In Cinebench R15 and 11.5, the 8086K managed to get ahead of the 8700K by 5 points but in the multi-threaded run, it was behind the 8700K.
In WinRAR and 7-Zip’s compression benchmarks, the two CPUs were neck and neck as well. WinRAR benchmark also managed to drag the 8086K a step behind the 8700K. Note that it is an inverse metric, so less is better graph.
PCMark8 and PCMark10, the more comprehensive industry standards sided with the 8086K over the 8700K. So in a more real-world scenario, we’re bound to see similar performance characteristics.
In gaming, there was no difference between the two CPUs. They are exactly the same across all the games in our library from Rise of the Tomb Raider, GTA V, DOOM and the rest.
Essentially, the performance gains from the Intel Core i7-8086K are minimal if you already have the Intel Core i7-8700K. It lags behind the 8700K in some of the benchmarks which was a bit weird and it provides no gains with gaming. You are essentially paying money for a better binned CPU and this comes into play in a few scenarios.
The Intel Core i7-8086K has the same TDP as the Core i7-8700K and they’re both unlocked CPUs. With the 8086K already hitting 5.0 GHz, the headroom is much lower and thus you can’t push the CPU more than the 8700K. The sheer fact that the 8086K is better binned puts the 8086K in a better position but being locked to a 95W TDP is the pain point. It should also be noted that with the 9th Gen launch so close, making the 8086K into a better CPU than the upcoming 9th Gen wouldn’t play out well. However, a little extra headroom, say 100 W TDP, would have made the Intel Core i7-8086K a much better overclocking candidate.
We started overclocking the CPU on air. Pushing the 8086K to 5.1 GHz took no effort but getting it to hit 5.2 GHz was quite the ordeal. The temperature shot right up into the mid-80s and the CPU would frequently throttle during our benchmarks leading to reduced scores. We had to switch to an AIO and keep the radiator right in way of the air-conditioner’s outlet to get to 5.2 GHz. We’re still struggling with getting some of the benchmarks to run without any throttling. Probably delidding the CPU will help, so more on that later.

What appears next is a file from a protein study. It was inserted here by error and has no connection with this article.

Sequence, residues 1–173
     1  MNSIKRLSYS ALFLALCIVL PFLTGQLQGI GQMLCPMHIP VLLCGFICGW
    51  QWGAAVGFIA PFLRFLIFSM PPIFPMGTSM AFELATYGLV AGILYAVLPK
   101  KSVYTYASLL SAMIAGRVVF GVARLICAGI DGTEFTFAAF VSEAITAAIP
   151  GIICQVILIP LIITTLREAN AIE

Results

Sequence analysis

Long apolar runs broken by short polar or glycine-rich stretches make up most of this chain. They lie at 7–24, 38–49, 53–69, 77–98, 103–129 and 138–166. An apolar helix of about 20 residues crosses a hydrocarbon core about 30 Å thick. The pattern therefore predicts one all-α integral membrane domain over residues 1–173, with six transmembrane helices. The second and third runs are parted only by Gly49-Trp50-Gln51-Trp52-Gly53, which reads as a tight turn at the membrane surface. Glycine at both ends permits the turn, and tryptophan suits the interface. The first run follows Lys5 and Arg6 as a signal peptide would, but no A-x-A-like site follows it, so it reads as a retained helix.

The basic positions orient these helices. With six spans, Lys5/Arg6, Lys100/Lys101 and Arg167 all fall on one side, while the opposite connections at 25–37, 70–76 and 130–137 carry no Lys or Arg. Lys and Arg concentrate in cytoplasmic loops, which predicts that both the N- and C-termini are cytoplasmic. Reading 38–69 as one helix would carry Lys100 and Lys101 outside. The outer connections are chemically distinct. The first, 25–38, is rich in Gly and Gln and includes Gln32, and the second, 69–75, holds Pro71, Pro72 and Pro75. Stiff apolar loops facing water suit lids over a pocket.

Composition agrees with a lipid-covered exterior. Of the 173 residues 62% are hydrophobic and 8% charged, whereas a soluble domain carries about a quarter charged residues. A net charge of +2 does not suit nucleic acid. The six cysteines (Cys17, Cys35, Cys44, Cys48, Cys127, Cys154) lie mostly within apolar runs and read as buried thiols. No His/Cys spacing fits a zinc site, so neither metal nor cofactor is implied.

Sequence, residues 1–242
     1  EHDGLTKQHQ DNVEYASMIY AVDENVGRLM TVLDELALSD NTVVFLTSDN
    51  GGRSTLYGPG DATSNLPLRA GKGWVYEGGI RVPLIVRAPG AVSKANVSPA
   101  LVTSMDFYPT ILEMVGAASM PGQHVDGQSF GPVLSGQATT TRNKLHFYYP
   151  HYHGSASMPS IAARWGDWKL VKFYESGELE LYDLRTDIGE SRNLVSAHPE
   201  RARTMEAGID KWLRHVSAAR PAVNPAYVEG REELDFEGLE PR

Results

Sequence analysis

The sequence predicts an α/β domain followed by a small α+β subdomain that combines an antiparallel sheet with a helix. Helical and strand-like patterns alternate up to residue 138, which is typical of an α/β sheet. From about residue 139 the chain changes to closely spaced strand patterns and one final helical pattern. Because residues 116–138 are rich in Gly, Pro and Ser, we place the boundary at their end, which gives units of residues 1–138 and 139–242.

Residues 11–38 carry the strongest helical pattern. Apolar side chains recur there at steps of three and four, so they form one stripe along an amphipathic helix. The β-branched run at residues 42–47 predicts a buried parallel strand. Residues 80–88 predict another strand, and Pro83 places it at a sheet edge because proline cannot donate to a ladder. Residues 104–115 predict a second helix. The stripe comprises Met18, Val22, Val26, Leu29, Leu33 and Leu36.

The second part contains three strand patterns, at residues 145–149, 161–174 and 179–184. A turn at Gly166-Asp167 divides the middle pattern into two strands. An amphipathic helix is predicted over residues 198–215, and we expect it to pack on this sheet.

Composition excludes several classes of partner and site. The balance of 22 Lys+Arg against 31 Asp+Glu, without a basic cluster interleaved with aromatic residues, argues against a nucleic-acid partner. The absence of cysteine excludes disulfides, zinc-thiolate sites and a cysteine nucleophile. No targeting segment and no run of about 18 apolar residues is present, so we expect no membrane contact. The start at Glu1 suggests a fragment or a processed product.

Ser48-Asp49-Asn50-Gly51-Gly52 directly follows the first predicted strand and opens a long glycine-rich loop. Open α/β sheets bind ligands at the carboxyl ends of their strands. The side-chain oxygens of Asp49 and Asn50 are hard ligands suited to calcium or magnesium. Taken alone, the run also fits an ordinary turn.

The Intel Core i7-8086K is a nice way for Intel to mark the occasion of the 40th anniversary of their x86 generation. Being a better-binned chip, the Intel Core i7-8086K is like one of those golden batch CPUs that overclockers die to get their hands on. The current record for Cinebench R15 on 6 cores is held by the Core i7-8086K which went all the way to 6974 MHz. Of the top 10 rankings in the 6-core division, there are just two 8086K’s right now. So folks are making do with the 8700K just fine.
What would have helped the 8086K is if the TDP had been bumped a tad higher and if all the per-core turbo frequencies were also changed even by 100 MHz. That way, the average performance gain over the 8700K would have been more noticeable than what it currently is. So if you aren’t interested in the performance gain or if you wouldn't prefer to wait for the 9th Gen CPUs which are supposedly right around the corner, then you’d want to get the Intel Core i7-8086K because it is a limited edition SKU. Or because you happen to be an overclocking enthusiast. 20 years down the line, you could have the 8086K in an airtight glass case to show your grandkids and they’d just roll their eyes before going back to their PCs powered by 80-core/160-thread megalodons.